Reflection in Social Work

Jan 28, 2014 by

In social work the opportunity to reflect on your practice is often neglected. The supervisory element of the job is, for a number of reasons, often focussed just on operational matters and case loads.

  • Was this person seen?
  • Did you follow the correct procedures?
  • Have you written up your visit?
  • Have you contacted other agencies?
  • Have you properly completed the initial or core assessment and entered the information?

These and a multitude of practical demands rest on social workers shoulders, sometimes with a great weight. The sad result of higher case loads and staff vacancies in some departments is that the emotional well being of the worker is often considered second best. This is not necessarily deliberate but when there are competing requirements it is often the practical tasks and statutory obligations that over rule finding time to deal with the emotional health of the worker.

An example of the real value of making time for reflection for the worker occurred with a member of staff I became aware of called Alan (not his real name) had been working with a family who were known to social services but not considered particularly at risk or difficult to manage. However the young mother died suddenly leaving the father with two young children under 5. Following the bereavement his care for the children, his own health and hygiene deteriorated. The children were more and more difficult for him to manage and so he developed a substance misuse problem as well as being on prescribed medication for depression . In other words in a short space of time from him coping well the situation became highly risky for the welfare of the children, even with considerable support going in to the house.

Alan himself had just separated from his partner and was showing all signs of bereavement in his own right. He began to display a lack of energy and awareness, his analytical skills became blunted and he began to function on a formulaic basis and it later transpired that he too was on anti depressive medication. It wasn’t that he didn’t recognise the weakening of his professional ability, in fact he did but was unable to ask for help.  There was a strengthening of his feelings of sporadic anger and impatience towards his clients and increasing feelings of failure as a professional.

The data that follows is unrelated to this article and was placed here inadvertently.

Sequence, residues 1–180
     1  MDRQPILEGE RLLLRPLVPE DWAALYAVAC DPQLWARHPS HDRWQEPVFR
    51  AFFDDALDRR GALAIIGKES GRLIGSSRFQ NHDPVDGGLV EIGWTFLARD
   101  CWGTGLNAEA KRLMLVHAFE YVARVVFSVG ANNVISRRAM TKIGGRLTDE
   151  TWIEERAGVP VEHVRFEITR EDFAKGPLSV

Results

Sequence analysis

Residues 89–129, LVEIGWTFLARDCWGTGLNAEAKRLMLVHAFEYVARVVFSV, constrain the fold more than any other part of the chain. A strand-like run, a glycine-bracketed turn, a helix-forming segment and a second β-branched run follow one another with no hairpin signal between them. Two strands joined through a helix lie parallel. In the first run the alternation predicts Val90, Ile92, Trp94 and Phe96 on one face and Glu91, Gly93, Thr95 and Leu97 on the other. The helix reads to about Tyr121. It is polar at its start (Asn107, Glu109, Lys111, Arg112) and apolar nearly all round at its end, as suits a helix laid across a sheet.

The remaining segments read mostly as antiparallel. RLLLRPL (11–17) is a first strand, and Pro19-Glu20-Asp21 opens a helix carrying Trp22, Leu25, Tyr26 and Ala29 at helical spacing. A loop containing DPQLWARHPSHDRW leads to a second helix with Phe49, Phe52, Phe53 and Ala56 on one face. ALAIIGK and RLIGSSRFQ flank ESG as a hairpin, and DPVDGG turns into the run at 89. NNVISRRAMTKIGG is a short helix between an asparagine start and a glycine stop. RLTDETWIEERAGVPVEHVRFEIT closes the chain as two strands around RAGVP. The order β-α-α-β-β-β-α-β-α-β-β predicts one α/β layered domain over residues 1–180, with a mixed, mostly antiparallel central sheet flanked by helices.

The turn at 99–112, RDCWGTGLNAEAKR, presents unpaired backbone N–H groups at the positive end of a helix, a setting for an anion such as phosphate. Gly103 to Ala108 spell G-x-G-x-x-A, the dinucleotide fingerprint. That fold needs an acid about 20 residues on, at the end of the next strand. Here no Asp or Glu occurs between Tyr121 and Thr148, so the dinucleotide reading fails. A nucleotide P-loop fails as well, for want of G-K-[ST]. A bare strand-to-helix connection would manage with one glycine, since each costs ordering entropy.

All through this his manager didn’t recognise the depth of trauma Alan was experiencing and beyond superficial enquiries did not instigate proper reflective practice. The core issue is that although it may be an extreme case it illustrates how important it is to maintain the emotional health of workers whose own state of mind is crucial to providing the best service.

It may be that their immediate manager, for whatever reason, perhaps a gender issue, is not the best person to offer the best reflective supervision. I accept it’s very difficult in an incredibly busy team environment to strictly ring fence time, but other professions are much more rigid about the opportunity to engage with a trusted person and examine their own emotional health. I’m not therefore surprised that the level of ‘burn out’ is high in social services, especially on what’s called the front line services dealing with the most vulnerable and sometimes damaged people. This is just another reason to increase resources to a level where the workers are healthy and stress is recognised as a real issue to be dealt with and not just something that occasions, tea, sympathy and the derision of tabloid newspapers.

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